Neurological insights into how the brain processes stress, and how it can develop into depression, have led to new interventions
Supported byAbout this contentDean Burnett @garwboySun 13 Oct 2019 09.00 BST
It’s a damp, midweek afternoon. Even so, Cardiff’s walk-in stress management course has pulled in more than 50 people. There are teenagers, white-haired older people with walking aids, people from Caucasian, Asian and Middle Eastern backgrounds. There is at least one pair who look like a parent and child – I’m unsure who is there to support whom.
The course instructor makes it clear that she is not going to ask people to speak out about their own stress levels in this first class: “We know speaking in public is stressful in itself.” She tells us a bit about previous attendees: a police officer whose inexplicable and constant worrying prevented him from functioning; a retired 71-year-old unable to shake the incomprehensible but constant fatigue and sadness that blighted his life; a single mother unable to attend her daughter’s school concert, despite the disappointment it would cause.
What is the common theme that links these people – and the varied group sitting there this afternoon and listening?
Stress may once just have been a kind of executive trophy – “I’m so stressed!” – but recent research suggests it is a key element in developing mental health problems such as depression and anxiety.
The constant, stress-induced stimulation of key brain regions seems to be a major contributor to anxiety. And, in turn, vital brain regions becoming unresponsive and inflexible is believed to be a fundamental element of depressive disorders. Why do these regions become unresponsive? Possibly because they’re overworked, exhausted, by the effects of stress. This would explain why anxiety and depression regularly occur together.
So what is stress? In essence, it is the first stage of the fight-or-flight response, the classic reaction to danger, the ingrained reflex that compels you to tackle danger head-on or run screaming from it. A third option, freeze, is also included in the modern-day understanding, which explains that inability to move when you’re truly scared.
This potent fear response isn’t like a switch, a simple yes/no thing. There are neurological and biochemical systems that prepare your brain, and body, for having to deal with a threat. It’s regulated by a complex suite of brain networks and hormonal reactions, and one key element in the stress response is the amygdala, the part of the brain that (among other things) decides whether or not stress is warranted.
The stress response has numerous potent effects on us. It increases our focus on negative things, such as whatever is causing the stress, because when you’re dealing with a problem you can’t afford to waste time pondering irrelevant things. It puts your brain and body into a more alert state, meaning you become more sensitive to hazards and risks, both physically and mentally. It’s useful for keeping you safe, but again leads to you focusing on the negatives, the unpleasant aspects of your current existence, and downplays the potentially distracting positives.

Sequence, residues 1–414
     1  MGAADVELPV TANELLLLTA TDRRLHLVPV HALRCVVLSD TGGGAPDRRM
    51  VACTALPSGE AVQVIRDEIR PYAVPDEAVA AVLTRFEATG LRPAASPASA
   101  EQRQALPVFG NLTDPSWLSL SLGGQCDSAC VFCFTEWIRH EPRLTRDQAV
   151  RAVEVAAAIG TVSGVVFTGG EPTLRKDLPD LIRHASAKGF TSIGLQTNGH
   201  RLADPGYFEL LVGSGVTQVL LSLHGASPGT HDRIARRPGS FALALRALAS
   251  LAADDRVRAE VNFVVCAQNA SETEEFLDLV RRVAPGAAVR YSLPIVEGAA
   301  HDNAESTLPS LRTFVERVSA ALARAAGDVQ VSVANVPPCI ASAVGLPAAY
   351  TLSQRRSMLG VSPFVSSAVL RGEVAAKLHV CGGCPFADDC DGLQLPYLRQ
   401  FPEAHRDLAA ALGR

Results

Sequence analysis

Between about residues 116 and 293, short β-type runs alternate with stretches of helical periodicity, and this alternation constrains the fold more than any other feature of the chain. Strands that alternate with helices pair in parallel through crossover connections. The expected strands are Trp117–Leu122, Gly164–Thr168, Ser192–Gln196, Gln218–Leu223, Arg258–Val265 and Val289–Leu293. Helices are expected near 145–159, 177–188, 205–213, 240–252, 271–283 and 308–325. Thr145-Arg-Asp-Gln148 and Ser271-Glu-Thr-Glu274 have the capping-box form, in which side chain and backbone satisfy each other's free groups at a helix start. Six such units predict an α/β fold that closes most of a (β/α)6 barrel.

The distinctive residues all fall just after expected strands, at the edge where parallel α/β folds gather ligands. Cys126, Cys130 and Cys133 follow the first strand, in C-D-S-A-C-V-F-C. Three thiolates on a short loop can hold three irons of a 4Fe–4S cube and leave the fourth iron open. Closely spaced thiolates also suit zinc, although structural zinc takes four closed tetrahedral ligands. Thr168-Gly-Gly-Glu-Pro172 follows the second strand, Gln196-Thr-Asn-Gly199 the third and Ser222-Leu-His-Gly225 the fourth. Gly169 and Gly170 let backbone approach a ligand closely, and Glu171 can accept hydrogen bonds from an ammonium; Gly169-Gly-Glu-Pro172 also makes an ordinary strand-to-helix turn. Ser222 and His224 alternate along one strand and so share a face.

Problematically, because of these things, stress is also very stimulating. It releases several potent chemicals into your bloodstream – cortisol for instance, which amps up your heart rate, muscle tension, glucose uptake, even your immune system responses.
The trigger, the activation of the stress response, comes from our brains, with the hypothalamic-pituitary-adrenal (HPA) axis – a complex association between the hypothalamus and the pituitary and adrenal glands – as the key element. The HPA axis is basically the link between the brain and the body when it comes to stress. When our brain decides that stress is required, signals are sent to the HPA axis, which in turn releases a complex sequence of chemicals that ends up with stress hormones, such as cortisol and glucocorticoids, being released into our bloodstream.
But here’s the problem. In many people, this ability of the HPA axis to recognise when there’s enough stress chemical in the body and so cease production is disrupted in some way. The HPA axis can start the physical stress response but doesn’t seem to know when to stop.
This might sound like a mild annoyance but there’s mounting evidence to suggest that it’s a cause of multiple mental health problems, particularly depression. Those who have chronic depression, and many who have killed themselves, have been shown to have significantly elevated levels of glucocorticoids, cortisol and other stress chemicals in their blood and tissues.
The constant bombardment from stress chemicals potentially underlies many of the physical symptoms of depression. Weight gain, hypertension, a suppressed immune system, heart problems – all can be attributed to the persistent action of stress chemicals in the body. For example, these stress chemicals and hormones seem to have a potent effect on neurons, and therefore the functioning of the brain. Specifically, they seem to stimulate areas such as the hippocampus and prefrontal cortex to enhance our memory, thinking and focus, because when you’re in a stressful situation, you need to have your wits about you, and you need to remember what happens in case it happens again.